There are probably technology dinosaurs lingering in your organization. Hardware and software both have finite lives, but that doesn’t mean you retired them. Your IT team experienced fluctuations and change like never before in 2020, which probably derailed implementations. The reality is you likely have unsupported legacy systems, servers, and applications, and they are all ripe for risk.
It’s time to set a new course for how you retire legacy servers and applications.
Study Finds Legacy Platforms Remain in Use
In the 2020 HIMSS Cybersecurity Survey, some critical findings on legacy usage are important to note.
- Only 45% of respondents include legacy systems in risk assessments.
- 80% of organizations said they have legacy systems in place.
That’s concerning, and the survey had little change from 2019 to 2020 in retirement or removal.
Why Is Legacy Retirement Difficult in Healthcare?
Legacy platforms are hard to retire for several reasons. Expense is a big one, but the cost of not retiring is even higher. Other challenges include the replacement’s implementation slowed, or internal teams cannot convert data from the old platform to the new one.
However, regulatory bodies continue to impress upon healthcare the threats of not retiring. In particular, a GAO (Government Accountability Office) report declared that unsupported legacy applications are “putting patient and sensitive data at risk.”
The message is that legacy equals risk. If a system, server, or application no longer receives updates, then cybercriminals will exploit it if given a chance. The industry has already seen many cautionary tales.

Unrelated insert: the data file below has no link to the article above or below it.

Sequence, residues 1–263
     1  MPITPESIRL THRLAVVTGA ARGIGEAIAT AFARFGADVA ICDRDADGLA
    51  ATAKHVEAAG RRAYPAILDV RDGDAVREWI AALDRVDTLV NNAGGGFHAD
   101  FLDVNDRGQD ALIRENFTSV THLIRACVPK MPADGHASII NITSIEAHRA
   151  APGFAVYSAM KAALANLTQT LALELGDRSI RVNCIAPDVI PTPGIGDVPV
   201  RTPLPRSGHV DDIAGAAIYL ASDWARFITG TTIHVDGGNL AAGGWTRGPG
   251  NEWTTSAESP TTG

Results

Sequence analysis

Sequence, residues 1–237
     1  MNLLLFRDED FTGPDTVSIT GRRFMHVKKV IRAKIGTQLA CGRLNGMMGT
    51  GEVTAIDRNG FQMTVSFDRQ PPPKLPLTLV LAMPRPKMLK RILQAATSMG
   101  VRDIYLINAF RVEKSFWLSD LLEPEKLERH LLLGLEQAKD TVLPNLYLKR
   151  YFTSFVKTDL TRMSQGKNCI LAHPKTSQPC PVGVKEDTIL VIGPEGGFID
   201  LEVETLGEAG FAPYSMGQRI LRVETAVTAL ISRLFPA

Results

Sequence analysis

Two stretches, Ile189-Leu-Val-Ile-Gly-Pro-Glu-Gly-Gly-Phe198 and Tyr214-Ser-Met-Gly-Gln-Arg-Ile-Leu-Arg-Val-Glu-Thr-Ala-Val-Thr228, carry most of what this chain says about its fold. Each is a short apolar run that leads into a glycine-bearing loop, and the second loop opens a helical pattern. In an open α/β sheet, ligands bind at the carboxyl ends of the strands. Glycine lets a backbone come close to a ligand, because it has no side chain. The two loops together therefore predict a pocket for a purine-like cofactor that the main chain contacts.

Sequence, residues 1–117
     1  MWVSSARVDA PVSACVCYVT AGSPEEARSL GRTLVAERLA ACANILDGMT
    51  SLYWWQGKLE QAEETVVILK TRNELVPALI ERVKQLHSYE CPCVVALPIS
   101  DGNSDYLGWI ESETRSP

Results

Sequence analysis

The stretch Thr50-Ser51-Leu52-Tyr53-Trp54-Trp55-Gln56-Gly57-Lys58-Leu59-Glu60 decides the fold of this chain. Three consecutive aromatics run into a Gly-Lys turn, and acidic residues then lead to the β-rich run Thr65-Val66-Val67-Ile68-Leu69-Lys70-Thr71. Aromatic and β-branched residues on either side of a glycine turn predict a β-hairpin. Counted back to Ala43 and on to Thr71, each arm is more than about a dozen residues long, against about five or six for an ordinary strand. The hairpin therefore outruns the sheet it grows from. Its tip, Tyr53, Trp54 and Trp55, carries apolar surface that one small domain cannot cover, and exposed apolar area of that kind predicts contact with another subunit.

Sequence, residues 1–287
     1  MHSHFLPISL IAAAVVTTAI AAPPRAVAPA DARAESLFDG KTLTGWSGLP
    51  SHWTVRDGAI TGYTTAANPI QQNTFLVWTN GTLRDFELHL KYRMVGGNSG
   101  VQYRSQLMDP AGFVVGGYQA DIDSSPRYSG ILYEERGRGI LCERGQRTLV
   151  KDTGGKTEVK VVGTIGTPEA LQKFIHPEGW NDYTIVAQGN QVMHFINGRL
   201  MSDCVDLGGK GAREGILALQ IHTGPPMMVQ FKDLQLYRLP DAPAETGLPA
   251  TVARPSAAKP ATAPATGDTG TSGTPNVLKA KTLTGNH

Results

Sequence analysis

Managing Health Information Systems Is Complex
In the world of healthcare, you don’t typically have one health information system (HIS) or even one EHR. Healthcare IT News reported that, based on HIMSS analytics, the average hospital has 16 disparate EHRs, and 75% have 10. And that’s just the EHRs. There are many more HIS in the healthcare ecosystem, such as those for pharmacy, labs, and decision support.
There is continuous movement in the software space for healthcare. EHR dissatisfaction is rampant. Organizations need applications to meet new regulatory requirements. Interoperability is still chaos, and IT teams can hardly keep pace. It’s no wonder that legacy platforms are still so prevalent.
Planning for Retirement: Building a Data Legacy Strategy
Retiring legacy applications and servers not only reduces risk but can also save you money and be more efficient. To achieve this, you need a legacy data management strategy. To develop this, you have to decide what to do with the data to retire the platform officially.
- Do you want to convert it? If you’re replacing the platform, then you’ll want to convert the data from the old to the new. Once the data conversion is complete, you can decommission the system.
- Do you want to archive it? You don’t have to convert all the patient records to your new software. You can opt to archive it on a web-based, secure, and compliant solution. It lives in the cloud and will be accessible for as long as medical record retention requirements require.
- Do you want to move it? Moving the data is somewhat like a conversion, but it’s not between like platforms. There may be old patient data that you want to use in a new system, and the legacy application is just a parking lot. The reason why it remains there is typically because internal groups lack the capacity. However, you can work with a reputable, experienced third-party to move it.
- Do you want to delete it? If you are no longer legally obligated to keep the data, and it has no value, then you could purge it. If purging, do so in a secure, compliant manner.
Get the Support You Need to Move on from Legacy Systems
Unsupported legacy platforms are costing you money and time while increasing your risk. It’s time to move on from them and turn the page so that you can focus on the applications that matter. Trust our healthcare data experts to help with data conversions, archiving, and sharing. Contact us today to learn more.